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Bergen Swamps

July 27, 2017 - 9:14am
posted by Maria Pericozzi in bergen, news, Bergen Swamps.

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Jared Frego (pictured left) will be replacing the Drew's Nature Center signs, using Logan Pocock (right) and his art skills to paint them, for his Eagle Scout project.  

 

When Jared Frego saw the Drew’s Nature Center signs, located in Bergen, when he was younger, he thought the bullet holes looked cool. Now, Frego is using his Eagle Scout project as a way to replace the damaged, weather-faded signs.

There are two signs, one at the main entrance, and one on West Sweden Road. Frego said the new signs will be the same size as the old ones.

Frego plans to rebuild the signs and fellow boy scout Logan Pocock, 12, will be painting the signs.

The new signs will have a white-tailed deer, a mallard duck, a Massasauga rattlesnake and a ladyslipper.

“These are important things in our community that show who we are,” Frego said.

Frego presented his community-funded project to the town board on July 25 and the board voted unanimously to approve it. He is hoping it will be completed by the end of fall.

“I hear tales of [the board] looking to redo the nature center to look a lot like the park in Byron,” Frego said. “I want to offer to use my eagle project to rebuild the signs.”

Pictures on a tablet were passed around the meeting, showing the weathering, wear and tear, and bullet holes in the signs.

“The signs that you see in the pictures has a lot of shotgun slugs in it,” Frego said. “It has a couple .22 slugs, and some people decided to hit it a couple times. It doesn’t look too great.”

Frego plans to take the old signs out, fix the garden area around them, and put the new signs in. He would like to put fiberglass on top of the new signs, in hope that they will last longer.

Donald Cunningham, the supervisor of the Bergen Town Board, agreed that the signs need replacing.

“The signs, it's evident by the photographs, that they need reconditioning and sprucing up,” Cunningham said. “We do want to improve the area for the public. So, I think this is a great plan for what we are trying to move towards.”

Brian Stone, deputy supervisor of the Bergen Town Board, said he is grateful and appreciative that they want to spend their time on the signs.

“I’m sure I speak for the board when I say we appreciate your enthusiasm for the signs and to do this,” Stone said.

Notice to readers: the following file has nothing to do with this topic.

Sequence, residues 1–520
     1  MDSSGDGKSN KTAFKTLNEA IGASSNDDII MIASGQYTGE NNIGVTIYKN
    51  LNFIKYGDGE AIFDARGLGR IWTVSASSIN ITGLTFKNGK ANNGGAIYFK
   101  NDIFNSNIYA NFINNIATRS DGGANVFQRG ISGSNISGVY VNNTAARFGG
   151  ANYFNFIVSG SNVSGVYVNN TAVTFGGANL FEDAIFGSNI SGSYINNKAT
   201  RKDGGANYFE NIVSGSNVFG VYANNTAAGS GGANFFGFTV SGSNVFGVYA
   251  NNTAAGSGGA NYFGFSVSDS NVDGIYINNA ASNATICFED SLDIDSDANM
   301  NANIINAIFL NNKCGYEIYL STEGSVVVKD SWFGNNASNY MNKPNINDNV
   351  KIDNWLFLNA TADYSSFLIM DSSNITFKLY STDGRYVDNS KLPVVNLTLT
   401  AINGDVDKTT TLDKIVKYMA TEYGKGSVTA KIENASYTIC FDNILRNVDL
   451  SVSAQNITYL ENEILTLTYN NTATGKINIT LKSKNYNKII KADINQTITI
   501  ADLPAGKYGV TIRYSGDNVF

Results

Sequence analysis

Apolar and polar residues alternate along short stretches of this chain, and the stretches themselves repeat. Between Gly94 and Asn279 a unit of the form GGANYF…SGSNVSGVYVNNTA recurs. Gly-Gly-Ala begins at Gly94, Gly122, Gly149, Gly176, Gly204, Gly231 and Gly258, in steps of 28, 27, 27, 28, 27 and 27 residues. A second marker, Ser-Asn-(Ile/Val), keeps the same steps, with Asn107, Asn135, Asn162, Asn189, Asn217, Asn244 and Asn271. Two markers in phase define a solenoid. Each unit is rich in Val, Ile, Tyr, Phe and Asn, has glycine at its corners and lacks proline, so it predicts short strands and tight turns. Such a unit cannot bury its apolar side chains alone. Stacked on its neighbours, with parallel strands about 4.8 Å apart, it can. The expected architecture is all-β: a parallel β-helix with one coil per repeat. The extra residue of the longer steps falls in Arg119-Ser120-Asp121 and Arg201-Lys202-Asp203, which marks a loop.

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July 25, 2016 - 10:50am
posted by Howard B. Owens in Bergen Swamps, byron, bergen, news, Destro.

A man from Irving got lost in a wooded area of the Bergen Swamps yesterday, and if not for the swamps' caretaker becoming concerned for his safety and the trained nose of K-9 "Destro" his off-the-trail hike could have turned out very badly.

The caretaker, Mike Merritt, said he noticed a person park at a trailhead and get out of his car and walk into the swamps about 3 p.m., yesterday. Since he had never seen the man before, and he was alone, he was a little concerned right off the bat about his activity.

When the man hadn't returned after two or three hours, his concern grew, he said.

"It was too hot, too muggy and too buggy to be out there that long," Merritt said.

So Merritt walked the entire trail himself and didn't find him.

At 10 o'clock, Merritt thought, 'well, if he's still out there, now he's trespassing' and 'I can call law enforcement without them coming out here unnecessarily.' "  

Deputy Rachel Diehl and Trooper James Moran arrived on scene and ran the plates of the unattended vehicle. They were able to contact family members, who expressed concern that they hadn't heard from Neil Gates for several hours.

Deputy Chris Erion and "Destro" were called to the scene, along with Byron's ambulance and some volunteer firefighters also responded.

With Merritt, who knows the area well, providing guidance, Erion and Destro commenced a search of the woods.  

It took more than two hours, but Gates was located curled up in some cattails where he had apparently gone to try and get water. 

He was dehydrated and had a minor knee injury, according to Chief Deputy Gordon Dibble.

Merritt said the Gates told officials he was a diabetic. 

He was treated by Byron EMTs at the scene and released.

The incident wrapped up at about 1:30 a.m., Merritt said.

Merritt noted that there are signs warning visitors to the swamps not to leave the trails.

"You can get 20 feet off a trail, get turned around and you think you know which direction to go to find a trail, but you won't find one," Merritt said.

Merritt said the concern and professionalism of those who responded last night was impressive. There was no hesitation by law enforcement to take on the search.

"I couldn't have gone out there without them," Merritt said. "With my cell phone dead, out there alone, I couldn't have helped him. He wouldn't have made it much longer."

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